MERIDEN — The Greater Meriden Chamber of Commerce and Meriden Economic Development Corp. boards are both upset by the City Council decision to lift the ban on check-cashing businesses.
At a lengthy City Council meeting last week, councilors agreed to allow the service at gas station/convenience stores over 1,500 square feet.
City Councilor Steve Iovanna, who voted against lifting the ban in April, but voted for it last week, said he can see arguments on both sides of the issue, but believes the market should be open to everyone.
“I don’t think we’ll see a proliferation of check-cashing places,” Iovanna said.
But opponents of lifting the ban say adding the service to such establishments does not promote economic development or financial literacy.
“Were residents in an outcry for this service?” asked Sean Moore, president of the chamber and MEDCO.
Only two city businesses currently offer check cashing since they had done it before the ban was in place and were grandfathered in. Now that the ban has been lifted, more businesses can join them.
Moore said the same customers who pay fees for check cashing are likely also paying the same businesses for money orders when there are better options in the community that cost significantly less.
“This is the antithesis of any economic development,” Moore said.
The boards of both the chamber and MEDCO unanimously disagree with lifting the check-cashing ban, Moore said.
Organizations including the Meriden-Wallingford United Way, the Boys and Girls Club and Girls Inc. offer financial literacy programs and discourage people from using check cashing, Moore said. There are even credit unions set up at the high schools that provide free checking, he said.
Moore said he does not understand the motivation behind the councilors who voted for the service and were passionate about making the change. Councilors Brian Daniels, Larue Graham, Bob Williams Jr., Matthew C. Dominello Sr., Iovanna, Walter Shamock and David Lowell voted to lift the ban. Councilors Cathy Battista, Miguel Castro, Daniel Brunet and Kevin Scarpati voted against lifting the ban.
In 2007, the City Council approved a zoning change that blocked the opening of new pawnshops, tattoo parlors and check-cashing businesses.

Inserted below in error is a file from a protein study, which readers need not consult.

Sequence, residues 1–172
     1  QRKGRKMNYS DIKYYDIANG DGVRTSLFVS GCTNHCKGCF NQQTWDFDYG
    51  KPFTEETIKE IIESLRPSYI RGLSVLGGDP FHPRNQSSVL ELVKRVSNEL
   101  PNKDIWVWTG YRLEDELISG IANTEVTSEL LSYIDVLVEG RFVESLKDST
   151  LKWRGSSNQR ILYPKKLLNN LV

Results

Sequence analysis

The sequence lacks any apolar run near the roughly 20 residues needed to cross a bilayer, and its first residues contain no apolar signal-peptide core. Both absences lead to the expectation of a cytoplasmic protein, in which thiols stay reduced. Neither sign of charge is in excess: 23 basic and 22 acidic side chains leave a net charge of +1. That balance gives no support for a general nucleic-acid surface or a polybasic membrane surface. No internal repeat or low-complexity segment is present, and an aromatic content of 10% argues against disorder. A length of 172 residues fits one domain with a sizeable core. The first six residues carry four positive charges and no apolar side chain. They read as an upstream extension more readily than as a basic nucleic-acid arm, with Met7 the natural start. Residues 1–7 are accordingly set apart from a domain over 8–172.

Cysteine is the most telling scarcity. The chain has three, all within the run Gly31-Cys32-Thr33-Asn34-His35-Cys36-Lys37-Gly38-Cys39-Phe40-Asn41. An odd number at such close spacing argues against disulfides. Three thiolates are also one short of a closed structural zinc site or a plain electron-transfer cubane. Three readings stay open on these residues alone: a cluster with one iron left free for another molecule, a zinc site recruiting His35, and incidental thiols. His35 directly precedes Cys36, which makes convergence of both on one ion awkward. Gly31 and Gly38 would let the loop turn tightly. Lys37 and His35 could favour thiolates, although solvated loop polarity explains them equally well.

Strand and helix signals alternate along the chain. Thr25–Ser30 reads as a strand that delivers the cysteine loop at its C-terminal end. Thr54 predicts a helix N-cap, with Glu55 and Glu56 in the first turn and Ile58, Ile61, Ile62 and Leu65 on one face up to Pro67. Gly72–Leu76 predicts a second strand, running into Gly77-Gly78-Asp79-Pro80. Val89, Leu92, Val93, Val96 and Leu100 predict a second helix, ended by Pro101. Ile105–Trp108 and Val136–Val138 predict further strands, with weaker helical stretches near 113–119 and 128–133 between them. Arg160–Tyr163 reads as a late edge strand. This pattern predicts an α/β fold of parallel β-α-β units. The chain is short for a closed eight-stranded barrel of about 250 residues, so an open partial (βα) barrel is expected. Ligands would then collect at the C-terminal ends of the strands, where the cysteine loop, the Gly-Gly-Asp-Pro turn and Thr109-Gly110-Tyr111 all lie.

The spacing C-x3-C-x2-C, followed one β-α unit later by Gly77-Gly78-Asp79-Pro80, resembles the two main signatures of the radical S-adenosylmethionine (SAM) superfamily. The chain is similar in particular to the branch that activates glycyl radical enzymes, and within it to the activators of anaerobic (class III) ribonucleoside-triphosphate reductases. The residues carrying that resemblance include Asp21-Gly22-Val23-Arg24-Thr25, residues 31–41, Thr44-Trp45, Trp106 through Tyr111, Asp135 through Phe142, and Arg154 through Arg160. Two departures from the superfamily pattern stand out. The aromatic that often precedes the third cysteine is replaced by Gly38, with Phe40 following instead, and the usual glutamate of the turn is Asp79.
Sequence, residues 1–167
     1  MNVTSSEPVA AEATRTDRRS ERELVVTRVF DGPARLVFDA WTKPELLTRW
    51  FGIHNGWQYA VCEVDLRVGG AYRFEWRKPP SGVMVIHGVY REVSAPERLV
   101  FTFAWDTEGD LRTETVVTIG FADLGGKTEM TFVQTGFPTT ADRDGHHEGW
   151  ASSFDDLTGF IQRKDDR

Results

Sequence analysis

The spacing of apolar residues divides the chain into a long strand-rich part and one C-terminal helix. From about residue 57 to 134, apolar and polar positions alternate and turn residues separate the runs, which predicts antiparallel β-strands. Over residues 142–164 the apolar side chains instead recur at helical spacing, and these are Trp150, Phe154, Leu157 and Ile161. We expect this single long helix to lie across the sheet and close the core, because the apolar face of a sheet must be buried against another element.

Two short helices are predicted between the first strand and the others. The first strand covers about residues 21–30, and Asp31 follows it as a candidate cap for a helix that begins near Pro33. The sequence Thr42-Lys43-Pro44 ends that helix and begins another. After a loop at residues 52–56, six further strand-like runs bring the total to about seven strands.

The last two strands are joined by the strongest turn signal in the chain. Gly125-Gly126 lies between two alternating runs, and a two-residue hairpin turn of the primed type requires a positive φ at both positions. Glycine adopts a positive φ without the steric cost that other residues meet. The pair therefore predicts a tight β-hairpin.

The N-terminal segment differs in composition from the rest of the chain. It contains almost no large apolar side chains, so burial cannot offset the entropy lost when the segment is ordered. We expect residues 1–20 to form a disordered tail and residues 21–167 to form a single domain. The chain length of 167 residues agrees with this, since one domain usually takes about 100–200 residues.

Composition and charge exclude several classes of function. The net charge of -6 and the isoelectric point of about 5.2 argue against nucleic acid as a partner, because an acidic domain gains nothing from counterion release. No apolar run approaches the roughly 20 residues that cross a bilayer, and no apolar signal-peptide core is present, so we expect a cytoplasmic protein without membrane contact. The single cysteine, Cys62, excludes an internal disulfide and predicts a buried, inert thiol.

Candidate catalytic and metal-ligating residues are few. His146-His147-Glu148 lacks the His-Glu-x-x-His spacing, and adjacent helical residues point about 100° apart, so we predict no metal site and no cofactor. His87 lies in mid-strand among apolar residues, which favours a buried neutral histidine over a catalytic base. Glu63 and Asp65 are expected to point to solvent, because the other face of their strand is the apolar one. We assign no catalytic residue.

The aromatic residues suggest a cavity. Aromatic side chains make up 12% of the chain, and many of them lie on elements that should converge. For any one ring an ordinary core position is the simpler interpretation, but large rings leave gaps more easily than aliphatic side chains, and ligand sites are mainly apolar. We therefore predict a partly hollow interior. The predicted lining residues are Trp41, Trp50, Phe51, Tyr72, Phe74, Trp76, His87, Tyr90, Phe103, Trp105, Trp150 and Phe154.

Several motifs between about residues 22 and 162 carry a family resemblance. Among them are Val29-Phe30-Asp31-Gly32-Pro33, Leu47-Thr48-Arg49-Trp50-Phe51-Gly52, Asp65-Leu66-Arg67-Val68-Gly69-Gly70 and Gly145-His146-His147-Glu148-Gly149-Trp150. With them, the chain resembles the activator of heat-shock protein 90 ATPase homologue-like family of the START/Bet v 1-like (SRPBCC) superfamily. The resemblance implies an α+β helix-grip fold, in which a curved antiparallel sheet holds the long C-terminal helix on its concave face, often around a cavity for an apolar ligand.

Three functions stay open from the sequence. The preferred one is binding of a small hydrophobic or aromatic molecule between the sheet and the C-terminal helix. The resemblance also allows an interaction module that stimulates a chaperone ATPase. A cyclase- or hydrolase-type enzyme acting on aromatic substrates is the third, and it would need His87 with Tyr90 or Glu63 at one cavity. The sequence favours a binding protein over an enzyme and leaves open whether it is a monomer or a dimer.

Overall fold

Earlier this year the owner of the Irving gas station at 978 Broad St. wanted to change zoning regulations to allow check-cashing as an accessory use. The Planning Commission thought the service would be used, said City Planner Dominick Caruso. Under regulations developed by the commission, check-cashing could only be offered as an accessory use at established gas stations/convenience stores over 1,500 feet. Signs for the service could be no more than two feet. Eventually the issue made its way to the City Council in April and councilors denied it, 6 to 4.
But Mayor Michael S. Rohde submitted a new resolution to eliminate the ban on check cashing and allow the service to be offered by any business with fewer restrictions.
The Planning Commission believed stricter regulation was needed, Caruso said.
“No one, including the staff, want it to be totally opened,” he said.
The commission wrote up a recommendation that included the same language as its previous recommendation, Caruso said. The service would be a benefit to the city, but should be limited to gas stations/convenience stores over 1,500 square feet.
The City Council voted on the same resolution last week that was defeated in April, but this time approved lifing the ban.
Shamock, who voted in favor of check cashing, said the vast majority of the state has the service, so why shouldn’t Meriden? He also said the city hasn’t been friendly to small businesses in the past and doesn’t think the city should curtail them from earning a few extra dollars by offering check cashing.
“I don’t see a problem,” Shamock said.
Iovanna said it’s not like a check-cashing business can just open. He said allowing an existing business to add the service isn’t a “horrible idea.”
While Iovanna said he also sees Moore’s point, he said the council can’t legislate financial literacy. He said he can’t make people take out checking accounts.
Rohde said thinks the entire issue is overblown and there’s nothing wrong with offering residents a choice. He said the service is cheaper than ATMs that are located in many businesses and they charge a larger fee.
Tami Christopher, director of Middlesex Community College, Meriden Center, said when she learned about the council opting to lift the ban she was surprised and disappointed.
“I don’t think it promotes positive economic development in the city,” she said.
Christopher teaches a freshman seminar class where she talks about financial literacy. Students learn about banking and the negative aspects of fee-based cash checking. Christopher said the research and findings on the service are easily located online.
“People already had this service available to them in Meriden,” Christopher wrote in a letter to the editor that appeared in Friday’s Record-Journal. “Expanding it sends the wrong message about the kind of community most responsible, civic-minded, tax-paying families in Meriden work so hard to support and encourage.”